Publication TypeJournal Article
Year of Publication2020
AuthorsChodankar A, Sadanandappa MK, VijayRaghavan K, Ramaswami M
JournalJ Neurosci
Date Published2020 Jun 12

Several features of the adult nervous systems develop in a "critical period," (CP) during which high levels of plasticity allow neural circuits to be tuned for optimal performance. Through an analysis of long-term olfactory habituation (LTH) in female , we provide new insight into mechanisms by which CPs are regulated LTH manifests as a persistently reduced behavioural response to an odorant encountered for four continuous days and occurs together with the growth of specific, odorant-responsive glomeruli in the antennal lobe. We show that the CP for behavioral and structural plasticity induced by ethyl butyrate (EB) or carbon dioxide (CO) closes within 48 hours after eclosion. The elaboration of excitatory projection neuron (PN) processes likely contribute to glomerular volume increases: both occur together and similarly require cAMP signalling in the antennal lobe inhibitory local interneurons (iLNs). Further, the CP for structural plasticity could be extended beyond 48 hours if EB- or CO-responsive olfactory sensory neurons (OSNs) are silenced after eclosion; thus, OSN activity is required for closing the CP. Strikingly, silencing of glomerulus-selective OSNs extends the CP for structural plasticity only in respective target glomeruli. This indicates existence of a local, short-range mechanism for regulating CP closure. Such a local mechanism for CP regulation can explain why plasticity induced by the odorant geranyl acetate (GA, which is attractive) shows no CP although it involves the same core plasticity mechanisms as CO and EB. Local control of critical-period closure mechanisms can potentially impart evolutionarily adaptive, odorant-specific features to behavioral plasticity.The critical period for plasticity represents a stage of life at which animals learn specific tasks or features with particular facility. This work provides fresh evidence that mechanisms for regulating critical periods are broadly conserved across evolution. Thus, a critical period for long-term olfactory habituation in Drosophila which closes early in adulthood can, like the critical period for ocular dominance plasticity in mammals, be extended by blocking sensory neurons early in life. Further observations show that critical periods for plasticity can be regulated by spatially restricted mechanisms, potentially allowing varied critical periods for plasticity to stimuli of different ethological relevance.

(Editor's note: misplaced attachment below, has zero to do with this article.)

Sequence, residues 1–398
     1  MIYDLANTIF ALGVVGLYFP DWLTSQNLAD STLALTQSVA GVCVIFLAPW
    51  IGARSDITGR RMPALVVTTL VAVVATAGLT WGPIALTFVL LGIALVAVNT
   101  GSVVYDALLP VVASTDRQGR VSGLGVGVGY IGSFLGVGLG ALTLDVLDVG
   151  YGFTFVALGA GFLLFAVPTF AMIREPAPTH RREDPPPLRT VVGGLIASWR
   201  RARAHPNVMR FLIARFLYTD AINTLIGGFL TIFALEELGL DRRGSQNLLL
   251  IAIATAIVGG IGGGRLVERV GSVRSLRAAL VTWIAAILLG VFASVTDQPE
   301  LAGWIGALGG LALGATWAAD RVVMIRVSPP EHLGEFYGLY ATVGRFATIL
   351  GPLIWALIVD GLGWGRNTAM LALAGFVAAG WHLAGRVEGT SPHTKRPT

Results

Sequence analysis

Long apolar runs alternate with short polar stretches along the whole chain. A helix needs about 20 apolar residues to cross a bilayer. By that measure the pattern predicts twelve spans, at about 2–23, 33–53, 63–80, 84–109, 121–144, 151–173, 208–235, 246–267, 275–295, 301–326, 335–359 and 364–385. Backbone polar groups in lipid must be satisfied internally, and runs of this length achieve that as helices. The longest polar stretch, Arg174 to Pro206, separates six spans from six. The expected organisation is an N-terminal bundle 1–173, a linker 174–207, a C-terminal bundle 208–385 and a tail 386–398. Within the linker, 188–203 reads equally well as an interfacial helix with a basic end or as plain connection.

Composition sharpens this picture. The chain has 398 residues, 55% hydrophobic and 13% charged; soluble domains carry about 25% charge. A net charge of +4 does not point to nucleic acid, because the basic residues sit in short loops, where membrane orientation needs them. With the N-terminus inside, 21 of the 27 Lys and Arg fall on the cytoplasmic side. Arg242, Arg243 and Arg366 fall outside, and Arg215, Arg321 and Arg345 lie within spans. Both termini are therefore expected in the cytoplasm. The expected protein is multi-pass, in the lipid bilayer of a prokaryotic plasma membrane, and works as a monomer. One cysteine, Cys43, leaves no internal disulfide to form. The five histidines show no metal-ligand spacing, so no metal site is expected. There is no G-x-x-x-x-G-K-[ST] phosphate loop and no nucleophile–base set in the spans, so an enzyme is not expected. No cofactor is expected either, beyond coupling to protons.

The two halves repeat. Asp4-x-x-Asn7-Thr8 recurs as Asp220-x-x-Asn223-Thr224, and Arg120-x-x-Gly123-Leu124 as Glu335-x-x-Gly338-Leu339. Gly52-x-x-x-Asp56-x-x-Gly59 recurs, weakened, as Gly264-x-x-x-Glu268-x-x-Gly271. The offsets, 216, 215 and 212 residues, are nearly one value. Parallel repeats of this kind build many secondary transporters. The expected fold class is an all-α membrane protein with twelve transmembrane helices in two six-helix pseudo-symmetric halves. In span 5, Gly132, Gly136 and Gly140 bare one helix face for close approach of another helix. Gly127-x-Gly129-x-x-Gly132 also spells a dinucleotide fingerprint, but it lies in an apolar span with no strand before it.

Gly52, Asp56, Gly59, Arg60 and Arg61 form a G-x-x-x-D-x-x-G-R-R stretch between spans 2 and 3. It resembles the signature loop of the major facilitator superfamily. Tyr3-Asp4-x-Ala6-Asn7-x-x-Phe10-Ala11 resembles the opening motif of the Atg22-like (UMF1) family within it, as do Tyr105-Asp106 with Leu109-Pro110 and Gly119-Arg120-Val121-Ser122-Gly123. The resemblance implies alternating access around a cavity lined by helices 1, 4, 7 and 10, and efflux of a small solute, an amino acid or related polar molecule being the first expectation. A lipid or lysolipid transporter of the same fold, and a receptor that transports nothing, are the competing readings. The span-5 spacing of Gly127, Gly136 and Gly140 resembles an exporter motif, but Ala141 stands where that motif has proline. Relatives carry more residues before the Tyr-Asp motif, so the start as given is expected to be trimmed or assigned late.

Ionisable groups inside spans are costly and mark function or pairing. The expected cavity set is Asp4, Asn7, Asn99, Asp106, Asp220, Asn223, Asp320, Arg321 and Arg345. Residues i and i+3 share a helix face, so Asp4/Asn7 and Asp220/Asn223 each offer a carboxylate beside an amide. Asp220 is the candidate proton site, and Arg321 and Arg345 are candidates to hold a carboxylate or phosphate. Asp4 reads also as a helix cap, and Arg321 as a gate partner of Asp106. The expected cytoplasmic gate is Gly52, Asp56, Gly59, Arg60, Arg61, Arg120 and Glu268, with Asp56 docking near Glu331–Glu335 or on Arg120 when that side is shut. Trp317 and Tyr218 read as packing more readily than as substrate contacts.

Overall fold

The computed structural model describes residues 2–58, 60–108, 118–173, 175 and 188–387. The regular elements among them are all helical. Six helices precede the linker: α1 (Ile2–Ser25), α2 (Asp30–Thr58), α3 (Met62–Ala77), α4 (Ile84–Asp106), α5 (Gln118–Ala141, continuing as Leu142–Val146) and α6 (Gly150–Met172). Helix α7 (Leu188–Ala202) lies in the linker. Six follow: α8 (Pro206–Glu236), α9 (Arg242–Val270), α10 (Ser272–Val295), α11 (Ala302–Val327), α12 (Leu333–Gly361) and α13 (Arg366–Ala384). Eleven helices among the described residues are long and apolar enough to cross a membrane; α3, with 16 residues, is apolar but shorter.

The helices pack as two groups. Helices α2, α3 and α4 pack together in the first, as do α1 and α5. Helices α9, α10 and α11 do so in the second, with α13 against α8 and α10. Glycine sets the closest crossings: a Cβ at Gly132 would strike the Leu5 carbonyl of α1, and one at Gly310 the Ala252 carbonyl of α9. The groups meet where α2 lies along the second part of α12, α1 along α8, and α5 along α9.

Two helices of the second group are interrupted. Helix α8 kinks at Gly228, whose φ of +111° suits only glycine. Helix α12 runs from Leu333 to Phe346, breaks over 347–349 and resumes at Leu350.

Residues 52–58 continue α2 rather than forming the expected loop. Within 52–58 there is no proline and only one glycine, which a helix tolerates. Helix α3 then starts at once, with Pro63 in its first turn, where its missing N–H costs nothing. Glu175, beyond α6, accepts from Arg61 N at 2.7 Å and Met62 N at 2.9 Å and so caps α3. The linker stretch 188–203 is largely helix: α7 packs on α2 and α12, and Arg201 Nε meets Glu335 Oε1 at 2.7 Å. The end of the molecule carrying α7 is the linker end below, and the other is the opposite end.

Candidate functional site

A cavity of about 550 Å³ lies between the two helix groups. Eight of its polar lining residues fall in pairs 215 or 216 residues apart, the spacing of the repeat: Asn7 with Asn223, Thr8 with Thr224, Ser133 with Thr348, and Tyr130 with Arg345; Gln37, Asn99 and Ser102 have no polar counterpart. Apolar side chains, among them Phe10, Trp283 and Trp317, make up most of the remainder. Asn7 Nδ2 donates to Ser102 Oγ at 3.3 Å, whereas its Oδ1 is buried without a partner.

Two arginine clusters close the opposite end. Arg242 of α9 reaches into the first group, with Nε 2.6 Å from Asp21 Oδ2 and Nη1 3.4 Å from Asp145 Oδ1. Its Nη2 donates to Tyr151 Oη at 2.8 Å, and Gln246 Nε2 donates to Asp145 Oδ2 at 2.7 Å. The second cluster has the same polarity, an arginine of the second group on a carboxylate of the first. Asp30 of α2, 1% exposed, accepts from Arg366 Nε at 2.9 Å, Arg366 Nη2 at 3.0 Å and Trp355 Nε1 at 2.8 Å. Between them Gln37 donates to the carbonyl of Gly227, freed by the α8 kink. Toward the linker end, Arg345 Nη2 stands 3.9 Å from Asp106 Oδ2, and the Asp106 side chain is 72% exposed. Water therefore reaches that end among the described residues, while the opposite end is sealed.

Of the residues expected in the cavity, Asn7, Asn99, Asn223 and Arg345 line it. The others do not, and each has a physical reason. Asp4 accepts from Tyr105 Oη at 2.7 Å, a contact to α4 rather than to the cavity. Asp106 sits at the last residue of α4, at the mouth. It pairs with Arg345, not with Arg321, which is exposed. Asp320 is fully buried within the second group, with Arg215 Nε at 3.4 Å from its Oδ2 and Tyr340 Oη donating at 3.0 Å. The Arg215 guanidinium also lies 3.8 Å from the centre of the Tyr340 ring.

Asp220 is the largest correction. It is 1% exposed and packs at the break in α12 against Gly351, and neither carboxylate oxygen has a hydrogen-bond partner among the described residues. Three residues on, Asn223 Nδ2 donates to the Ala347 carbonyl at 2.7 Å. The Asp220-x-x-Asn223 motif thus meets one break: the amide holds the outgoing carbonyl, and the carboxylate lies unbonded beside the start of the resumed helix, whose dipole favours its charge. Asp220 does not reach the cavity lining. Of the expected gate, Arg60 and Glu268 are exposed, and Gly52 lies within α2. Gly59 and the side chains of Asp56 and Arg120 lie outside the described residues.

Alternate JournalJ. Neurosci.
PubMed ID32532889